The Diabetic Handyman (Continued)
No free market in a monopoly
What about market pressures, you may wonder? Surely if brand "X" is much worse than brand "A," word will get around and no one will buy brand "X," and they will be gone in no time. In any economic arena other than healthcare, this would probably be true. But for most Americans, there's no choice when it comes to blood sugar meters. Despite the dazzling array of options, most patients are stuck with the meter their health insurance company chooses for them. And how do our health plans choose the meter that is best for us? Do they study the features that could benefit us? Do they consider accuracy? Or reliability? Hell no. They choose the one that's cheapest. Whichever meter company can cut the plan the best deal gets the contract, and that's the meter you're stuck with.
What can you do if you have a crappy meter? Well, for one, make a fuss. Complain to your plan, to your Senators and Congressmen, and to your state corporation commission. Ask your doc to do the same. They say there's power in numbers and the latest estimate is that there are 27,000,000 of us with diabetes in this country. That's a pretty powerful number. If someone wants to make a bumper sticker that says "I have diabetes and I vote," I will happily put one on my Jeep.
Making the best of a bad situation
In the short term, if you can get enough strips (a related, but separate problem), you can always take two tests and average the results before taking your meds. Historically, health plans would only cover one strip per day for persons with diabetes on oral medications and three a day for persons with diabetes who use any kind of insulin. This may change as the latest treatment guidelines from the American Diabetes Association made it very clear that the 1-3 strips a day is not enough.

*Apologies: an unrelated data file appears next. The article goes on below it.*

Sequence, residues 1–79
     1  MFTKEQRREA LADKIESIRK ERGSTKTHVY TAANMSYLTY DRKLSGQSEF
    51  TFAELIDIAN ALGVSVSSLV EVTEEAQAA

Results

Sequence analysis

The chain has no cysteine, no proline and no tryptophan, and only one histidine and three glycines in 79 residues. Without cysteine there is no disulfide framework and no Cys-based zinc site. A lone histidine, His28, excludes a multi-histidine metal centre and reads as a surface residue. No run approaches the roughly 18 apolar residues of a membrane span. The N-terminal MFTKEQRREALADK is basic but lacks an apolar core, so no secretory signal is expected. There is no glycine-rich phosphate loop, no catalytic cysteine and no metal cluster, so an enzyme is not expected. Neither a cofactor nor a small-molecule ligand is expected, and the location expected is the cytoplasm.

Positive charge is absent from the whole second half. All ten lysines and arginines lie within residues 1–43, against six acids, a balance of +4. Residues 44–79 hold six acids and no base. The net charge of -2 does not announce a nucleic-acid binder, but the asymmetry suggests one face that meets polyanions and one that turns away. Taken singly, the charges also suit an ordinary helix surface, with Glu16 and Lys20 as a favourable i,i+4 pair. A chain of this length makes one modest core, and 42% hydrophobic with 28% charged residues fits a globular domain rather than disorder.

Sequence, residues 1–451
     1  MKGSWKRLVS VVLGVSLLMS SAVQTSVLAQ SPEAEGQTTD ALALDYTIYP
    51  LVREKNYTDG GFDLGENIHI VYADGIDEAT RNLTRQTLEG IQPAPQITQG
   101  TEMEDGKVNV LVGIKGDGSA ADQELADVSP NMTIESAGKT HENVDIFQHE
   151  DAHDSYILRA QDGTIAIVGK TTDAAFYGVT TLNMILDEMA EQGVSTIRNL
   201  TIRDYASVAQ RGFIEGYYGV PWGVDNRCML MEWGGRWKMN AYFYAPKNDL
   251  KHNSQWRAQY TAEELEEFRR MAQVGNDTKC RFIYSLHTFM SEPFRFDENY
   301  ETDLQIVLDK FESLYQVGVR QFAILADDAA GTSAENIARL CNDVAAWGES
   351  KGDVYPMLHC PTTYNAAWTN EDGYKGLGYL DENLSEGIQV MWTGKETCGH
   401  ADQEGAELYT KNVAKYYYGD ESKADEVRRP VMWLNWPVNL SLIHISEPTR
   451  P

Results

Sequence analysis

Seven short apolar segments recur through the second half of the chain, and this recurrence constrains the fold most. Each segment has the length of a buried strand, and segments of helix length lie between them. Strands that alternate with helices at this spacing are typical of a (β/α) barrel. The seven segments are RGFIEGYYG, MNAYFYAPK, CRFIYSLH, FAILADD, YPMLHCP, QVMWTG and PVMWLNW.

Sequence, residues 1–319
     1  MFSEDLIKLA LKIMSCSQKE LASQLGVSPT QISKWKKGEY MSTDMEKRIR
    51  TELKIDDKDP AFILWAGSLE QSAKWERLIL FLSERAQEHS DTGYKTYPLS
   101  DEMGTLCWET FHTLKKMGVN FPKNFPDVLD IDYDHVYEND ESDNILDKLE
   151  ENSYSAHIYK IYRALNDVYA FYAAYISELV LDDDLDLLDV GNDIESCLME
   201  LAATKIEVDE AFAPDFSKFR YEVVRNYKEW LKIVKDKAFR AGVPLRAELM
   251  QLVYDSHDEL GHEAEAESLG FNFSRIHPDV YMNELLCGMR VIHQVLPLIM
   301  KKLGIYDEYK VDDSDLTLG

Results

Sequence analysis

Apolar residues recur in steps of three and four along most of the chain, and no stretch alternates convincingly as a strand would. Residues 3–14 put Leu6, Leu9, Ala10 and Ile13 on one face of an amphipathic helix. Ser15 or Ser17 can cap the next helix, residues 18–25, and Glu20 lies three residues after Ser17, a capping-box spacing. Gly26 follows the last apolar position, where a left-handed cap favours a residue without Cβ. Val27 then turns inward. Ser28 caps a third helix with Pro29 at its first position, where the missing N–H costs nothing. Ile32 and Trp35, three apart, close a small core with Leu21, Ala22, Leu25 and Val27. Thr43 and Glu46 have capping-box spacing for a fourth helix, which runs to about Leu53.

Speaking of enough strips, how often and when should a diabetic test blood sugar? It depends on type of diabetes you have, how good or bad your control is, and what meds you take. But let's play a game. If I told you your blood sugar a couple of hours after a meal was 358 mg/dL, what could you tell me about that meal?
You can't tell me anything about the meal. For all you know, your blood sugar was 400 before the meal and the meal actually treated you pretty well!
My point? A single number is worthless. You need context. You need pairs. You need to test before and after something to understand what that something does to your blood sugar. Something can be eating, exercise, or sleep. If you want to know how a meal treats your diabetes and your diabetes medications, you need to test before you eat and two hours later. Don't look at the numbers, per se, but look at the difference in the numbers. Likewise, you could study how a workout affected your blood sugar. Or test at bedtime and the next morning to see what effect your sleep patterns have on your blood sugar.
This is the foundation I was talking about. The meter and strips are your tools, but you use them to build a strong, stable, solid foundation for your diabetes home improvement project. The foundation of diabetes is understanding how all the various elements of your life interact with your diabetes and your diabetes medication(s).
Build your foundation by understanding how various foods, activities, stresses affect your blood sugar numbers, then take action based on what you learn.
How many sacks of concrete does a good foundation need? What's the best number of blood sugar tests for diabetes? As many as you can do. In a perfect world, you'd have enough strips to test all your meals, all your activity, all your nights of sleep. Of course in a perfect world I would have been able to assemble that tricycle that Santa brought my kid for Christmas.
In the absence of enough good strips, we have to use what we do have cleverly. If you only get one a day, test before and after something every-other-day. So while you are still in the process of advocating for good tools, and enough of them, build the best foundation you can.
Right now my blood sugar is pretty good, so I'm off to fix that squeaky bathroom door. Now where did I leave my power screwdriver?
Wil Dubois is the author of four multi-award-winning books about diabetes. He is a PWD type 1, and is the diabetes coordinator for a rural non-profit clinic. Visit his blog, LifeAfterDX.
NOTE: The information is not intended to be a replacement or substitute for consultation with a qualified medical professional or for professional medical advice related to diabetes or another medical condition. Please contact your physician or medical professional with any questions and concerns about your medical condition.
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